Am höchsten bewertete kritische Rezension
While not offensive, the work missed the mark.
am 13. Mai 1998
I ordered this controversial title from Amazon.com so I could respond as a mature reader to opportunities for informed responses and reviews. In answer to the question, What did you read?, I now may answer, A monotonal collection of poetic sentiments extolling virginity. What did you see? A collection of portrait photographs-not art, unless any and every photograph (like any and every painting?) is art; not pornography, unless any and every representation of a nude person is pornography. What did you feel? The lack of energy and intensity that occurs with overstatement. I was disappointed; and I felt uncertain I had given the work ample opportunity, uncertain I had given the photographer his due. What did you learn, and what has it given you to teach? Nothing truly new or novel. Did you have esthetic, cerebral, or sensual pleasure? The work missed the mark. While not offensive, the work is not likely to edify, increase sensibility (sensitivity), heighten awareness, or make others gentler and more responsive.
It is a sign of Hamilton's mastery with his subjects (models) that all appear relaxed and at ease, and that none appear to attack the camera. Hamilton's work is successful where his aim is simply to establish a unique body of work embracing as the subject very young girls that are no longer small children, and women who are very young adults. The work falls short of loftier goals; and by no means does it constitute a "how to", or supply a clear standard defining the genre for photography of very young nudes. It is legitimate to use the vocabulary of our own experience and awareness to communicate our wonder and appreciation of the realities in life. Nevertheless, where a work, any work, makes its statement by layers of nuance, or levels of subtlety, many miss the intent of the artist. The fullness of what he has experienced, and hopes to capture or extend, can not be obtained by a casual glance. The vision he offers, or seeks to call forth, may only be gained by pro! longed or repeated viewing. Psychological and other dimensions of a work may demand study, examination of detail, and careful analysis. However, photography is a dynamic medium. Visual experience is animate, immediate, and motile: The eye moves, refocuses, or shifts; angle, perspective and point of view are altered; or the subject and object viewed is lifted, turned, and realigned. We rarely stare fixedly to get the picture. It strikes the eye-the mind, the heart, and the places where image and emotion carom one against another-and bullets in a straight line to the soul. Or it does not.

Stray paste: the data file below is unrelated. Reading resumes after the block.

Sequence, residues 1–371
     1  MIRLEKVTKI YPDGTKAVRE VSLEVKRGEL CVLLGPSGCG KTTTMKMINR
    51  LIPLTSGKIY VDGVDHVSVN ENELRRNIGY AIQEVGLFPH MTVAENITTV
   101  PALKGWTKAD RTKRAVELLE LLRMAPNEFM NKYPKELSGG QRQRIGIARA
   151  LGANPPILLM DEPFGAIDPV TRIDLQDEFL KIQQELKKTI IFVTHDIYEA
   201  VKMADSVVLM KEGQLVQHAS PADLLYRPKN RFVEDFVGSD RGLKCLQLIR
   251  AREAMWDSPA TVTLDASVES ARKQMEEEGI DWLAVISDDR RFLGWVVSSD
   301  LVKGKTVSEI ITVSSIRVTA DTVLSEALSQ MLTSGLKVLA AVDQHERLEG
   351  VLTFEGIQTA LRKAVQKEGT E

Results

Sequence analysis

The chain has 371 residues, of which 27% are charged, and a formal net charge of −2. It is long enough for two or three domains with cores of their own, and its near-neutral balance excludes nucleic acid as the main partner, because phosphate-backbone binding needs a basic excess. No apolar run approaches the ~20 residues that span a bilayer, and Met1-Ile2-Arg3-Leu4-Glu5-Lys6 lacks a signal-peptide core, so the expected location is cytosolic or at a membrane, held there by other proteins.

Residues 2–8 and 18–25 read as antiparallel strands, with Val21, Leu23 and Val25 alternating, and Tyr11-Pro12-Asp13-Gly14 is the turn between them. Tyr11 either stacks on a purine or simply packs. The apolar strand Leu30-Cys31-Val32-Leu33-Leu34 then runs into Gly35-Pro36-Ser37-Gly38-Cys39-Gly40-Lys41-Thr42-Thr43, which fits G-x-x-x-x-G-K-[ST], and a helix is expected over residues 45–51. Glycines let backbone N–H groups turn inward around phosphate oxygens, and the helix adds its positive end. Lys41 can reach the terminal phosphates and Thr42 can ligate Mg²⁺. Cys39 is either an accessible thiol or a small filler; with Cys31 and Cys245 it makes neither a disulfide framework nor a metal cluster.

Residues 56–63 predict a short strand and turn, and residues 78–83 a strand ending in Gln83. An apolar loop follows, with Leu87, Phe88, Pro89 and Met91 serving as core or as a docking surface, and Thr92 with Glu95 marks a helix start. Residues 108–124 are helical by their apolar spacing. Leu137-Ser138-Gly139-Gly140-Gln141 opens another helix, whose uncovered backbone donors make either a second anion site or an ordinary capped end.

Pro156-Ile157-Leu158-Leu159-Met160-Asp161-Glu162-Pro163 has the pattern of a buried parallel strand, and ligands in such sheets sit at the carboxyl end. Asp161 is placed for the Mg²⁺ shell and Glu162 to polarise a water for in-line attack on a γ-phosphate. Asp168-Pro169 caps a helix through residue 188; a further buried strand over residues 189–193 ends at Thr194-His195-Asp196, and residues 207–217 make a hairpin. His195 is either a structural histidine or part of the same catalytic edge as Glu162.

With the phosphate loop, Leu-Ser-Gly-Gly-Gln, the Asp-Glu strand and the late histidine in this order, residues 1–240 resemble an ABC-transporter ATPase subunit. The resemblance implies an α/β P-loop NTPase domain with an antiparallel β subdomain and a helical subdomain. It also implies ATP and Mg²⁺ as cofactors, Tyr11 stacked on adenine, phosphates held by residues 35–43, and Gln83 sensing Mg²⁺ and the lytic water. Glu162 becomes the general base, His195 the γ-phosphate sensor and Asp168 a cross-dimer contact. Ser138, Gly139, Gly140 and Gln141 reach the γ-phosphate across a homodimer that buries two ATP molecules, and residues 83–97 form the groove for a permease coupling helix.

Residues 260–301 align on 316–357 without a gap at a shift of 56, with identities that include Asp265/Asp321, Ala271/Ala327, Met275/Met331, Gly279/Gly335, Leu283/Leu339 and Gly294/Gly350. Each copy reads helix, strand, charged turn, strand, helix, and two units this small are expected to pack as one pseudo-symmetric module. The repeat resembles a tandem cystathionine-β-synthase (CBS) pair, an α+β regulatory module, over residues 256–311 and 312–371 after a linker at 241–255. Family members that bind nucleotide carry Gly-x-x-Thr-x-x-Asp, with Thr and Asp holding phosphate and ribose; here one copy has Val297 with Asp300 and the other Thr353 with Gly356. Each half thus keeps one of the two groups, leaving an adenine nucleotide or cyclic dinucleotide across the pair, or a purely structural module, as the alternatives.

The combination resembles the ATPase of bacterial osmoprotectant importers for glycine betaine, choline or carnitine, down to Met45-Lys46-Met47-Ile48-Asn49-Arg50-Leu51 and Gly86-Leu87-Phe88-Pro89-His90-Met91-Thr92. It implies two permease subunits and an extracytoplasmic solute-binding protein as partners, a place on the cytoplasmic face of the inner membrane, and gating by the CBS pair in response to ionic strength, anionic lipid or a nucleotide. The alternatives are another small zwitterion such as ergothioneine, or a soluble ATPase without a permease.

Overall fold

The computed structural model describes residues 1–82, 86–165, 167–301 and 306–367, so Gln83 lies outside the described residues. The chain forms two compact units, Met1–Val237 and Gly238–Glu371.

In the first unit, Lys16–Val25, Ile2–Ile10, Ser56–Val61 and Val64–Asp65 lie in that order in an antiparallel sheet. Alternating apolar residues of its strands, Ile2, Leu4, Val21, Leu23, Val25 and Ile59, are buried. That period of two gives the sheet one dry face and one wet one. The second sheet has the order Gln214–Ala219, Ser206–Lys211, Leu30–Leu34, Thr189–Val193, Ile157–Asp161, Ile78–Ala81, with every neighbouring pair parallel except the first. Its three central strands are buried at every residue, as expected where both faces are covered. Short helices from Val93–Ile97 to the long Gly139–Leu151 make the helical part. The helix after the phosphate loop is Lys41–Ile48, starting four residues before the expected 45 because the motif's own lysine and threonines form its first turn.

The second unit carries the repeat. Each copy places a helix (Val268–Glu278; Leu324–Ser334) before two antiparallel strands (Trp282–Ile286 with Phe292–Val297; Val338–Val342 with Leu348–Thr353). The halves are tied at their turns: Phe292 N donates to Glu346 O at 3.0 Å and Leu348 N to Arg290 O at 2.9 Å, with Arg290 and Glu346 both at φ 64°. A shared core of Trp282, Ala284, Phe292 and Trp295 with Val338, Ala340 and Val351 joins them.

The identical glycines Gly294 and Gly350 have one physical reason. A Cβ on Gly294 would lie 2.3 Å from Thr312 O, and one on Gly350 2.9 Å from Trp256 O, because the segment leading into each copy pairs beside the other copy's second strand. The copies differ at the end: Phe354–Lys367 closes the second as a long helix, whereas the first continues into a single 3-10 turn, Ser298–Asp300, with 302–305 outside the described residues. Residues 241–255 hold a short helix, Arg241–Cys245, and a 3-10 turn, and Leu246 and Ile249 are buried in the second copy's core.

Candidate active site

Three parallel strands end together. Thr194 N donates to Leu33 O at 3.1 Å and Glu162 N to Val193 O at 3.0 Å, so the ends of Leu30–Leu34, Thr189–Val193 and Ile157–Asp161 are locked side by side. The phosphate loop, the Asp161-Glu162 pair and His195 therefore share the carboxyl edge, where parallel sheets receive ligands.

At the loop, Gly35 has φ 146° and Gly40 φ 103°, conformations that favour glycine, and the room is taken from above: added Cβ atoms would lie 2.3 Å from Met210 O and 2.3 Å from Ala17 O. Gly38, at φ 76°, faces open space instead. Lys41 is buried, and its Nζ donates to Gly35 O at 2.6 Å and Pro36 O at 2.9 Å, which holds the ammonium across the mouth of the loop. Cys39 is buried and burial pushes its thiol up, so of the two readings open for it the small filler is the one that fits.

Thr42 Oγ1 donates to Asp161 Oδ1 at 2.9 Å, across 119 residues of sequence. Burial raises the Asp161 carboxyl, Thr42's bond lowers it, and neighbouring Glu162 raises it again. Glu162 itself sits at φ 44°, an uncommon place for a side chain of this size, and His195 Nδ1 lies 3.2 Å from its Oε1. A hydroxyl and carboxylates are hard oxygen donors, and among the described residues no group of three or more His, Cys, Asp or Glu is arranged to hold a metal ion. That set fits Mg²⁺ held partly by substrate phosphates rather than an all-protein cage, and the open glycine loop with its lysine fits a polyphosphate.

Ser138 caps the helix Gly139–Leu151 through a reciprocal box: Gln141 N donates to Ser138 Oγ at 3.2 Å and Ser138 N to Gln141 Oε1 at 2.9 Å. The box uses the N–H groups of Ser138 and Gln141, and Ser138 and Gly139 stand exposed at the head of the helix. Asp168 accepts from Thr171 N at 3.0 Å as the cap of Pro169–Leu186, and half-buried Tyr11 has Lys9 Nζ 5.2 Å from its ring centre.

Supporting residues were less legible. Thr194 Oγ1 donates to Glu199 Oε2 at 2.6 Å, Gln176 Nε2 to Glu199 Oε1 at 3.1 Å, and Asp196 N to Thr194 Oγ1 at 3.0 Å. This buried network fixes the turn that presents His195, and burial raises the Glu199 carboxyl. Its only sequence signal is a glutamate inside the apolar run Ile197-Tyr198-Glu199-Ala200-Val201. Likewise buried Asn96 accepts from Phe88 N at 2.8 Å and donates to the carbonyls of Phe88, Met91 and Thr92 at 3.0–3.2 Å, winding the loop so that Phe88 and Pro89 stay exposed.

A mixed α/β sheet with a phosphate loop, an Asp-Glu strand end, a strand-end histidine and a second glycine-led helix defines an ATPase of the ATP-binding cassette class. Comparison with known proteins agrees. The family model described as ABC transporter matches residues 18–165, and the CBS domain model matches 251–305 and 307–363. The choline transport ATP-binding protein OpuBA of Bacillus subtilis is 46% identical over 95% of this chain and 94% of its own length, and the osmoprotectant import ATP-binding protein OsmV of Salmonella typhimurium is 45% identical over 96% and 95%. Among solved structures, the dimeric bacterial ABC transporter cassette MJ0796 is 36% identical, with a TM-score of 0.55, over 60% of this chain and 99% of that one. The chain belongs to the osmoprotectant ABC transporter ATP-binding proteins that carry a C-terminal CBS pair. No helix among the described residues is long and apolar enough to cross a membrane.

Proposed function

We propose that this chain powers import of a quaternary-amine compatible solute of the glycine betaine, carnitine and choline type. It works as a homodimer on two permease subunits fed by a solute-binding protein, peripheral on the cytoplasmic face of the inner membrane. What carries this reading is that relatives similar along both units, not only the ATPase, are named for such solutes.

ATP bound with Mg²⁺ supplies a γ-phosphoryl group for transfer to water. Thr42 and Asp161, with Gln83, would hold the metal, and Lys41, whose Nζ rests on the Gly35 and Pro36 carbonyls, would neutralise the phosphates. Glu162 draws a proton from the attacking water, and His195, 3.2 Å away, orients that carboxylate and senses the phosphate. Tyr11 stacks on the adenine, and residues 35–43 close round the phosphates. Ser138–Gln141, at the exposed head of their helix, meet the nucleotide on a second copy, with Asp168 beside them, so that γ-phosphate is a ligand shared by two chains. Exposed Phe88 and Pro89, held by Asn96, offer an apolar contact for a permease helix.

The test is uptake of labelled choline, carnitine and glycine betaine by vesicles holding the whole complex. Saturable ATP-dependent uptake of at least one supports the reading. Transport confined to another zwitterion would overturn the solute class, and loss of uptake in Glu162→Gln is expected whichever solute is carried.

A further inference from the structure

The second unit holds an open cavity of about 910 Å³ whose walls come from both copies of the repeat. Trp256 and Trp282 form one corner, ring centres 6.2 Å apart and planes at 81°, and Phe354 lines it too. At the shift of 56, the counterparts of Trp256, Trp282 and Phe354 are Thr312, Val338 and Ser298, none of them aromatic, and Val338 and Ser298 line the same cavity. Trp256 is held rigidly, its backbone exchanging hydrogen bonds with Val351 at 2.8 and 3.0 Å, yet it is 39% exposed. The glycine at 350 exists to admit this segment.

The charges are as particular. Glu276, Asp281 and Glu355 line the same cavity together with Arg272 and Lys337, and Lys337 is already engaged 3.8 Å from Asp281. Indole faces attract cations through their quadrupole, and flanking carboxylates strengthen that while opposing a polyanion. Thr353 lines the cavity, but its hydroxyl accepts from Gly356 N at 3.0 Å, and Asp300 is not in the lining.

A high school year book is a collection of photographs, also. Where unpretentious, it delivers a broad and rich panorama of youth, beauty, innocency, and joie de vivre. Both the bitterness and the sweetness in a precious stage of development appear: There are depth, diversity and variety in attitudes shown; in postures and gestures employed; in expressions of character, commitment, and growth. Unlike with Hamilton's work, responsibility for what is finally shown or viewed is located as much with the subjects as with the photographer. Virginity-the spiritual attribute of purity with meekness (an appetite for measured and ordered growth; a disposition and readiness to learn; a teachable spirit)-are abundantly evidenced, even where the full form of the subjects are not fully shown; even where the subjects are fully clothed. Age of Innocence does not deliver images that evoke the circumspection, restraint, balance, and excitement in the peace of right knowledge and reconciliation. While the work does not offend, it fails-as true virginity would do-to arouse or manifest the depth of love for truth. Perhaps, the work should have borrowed more from those who still regard holding hands as a sexual act. Jesus is the Lord.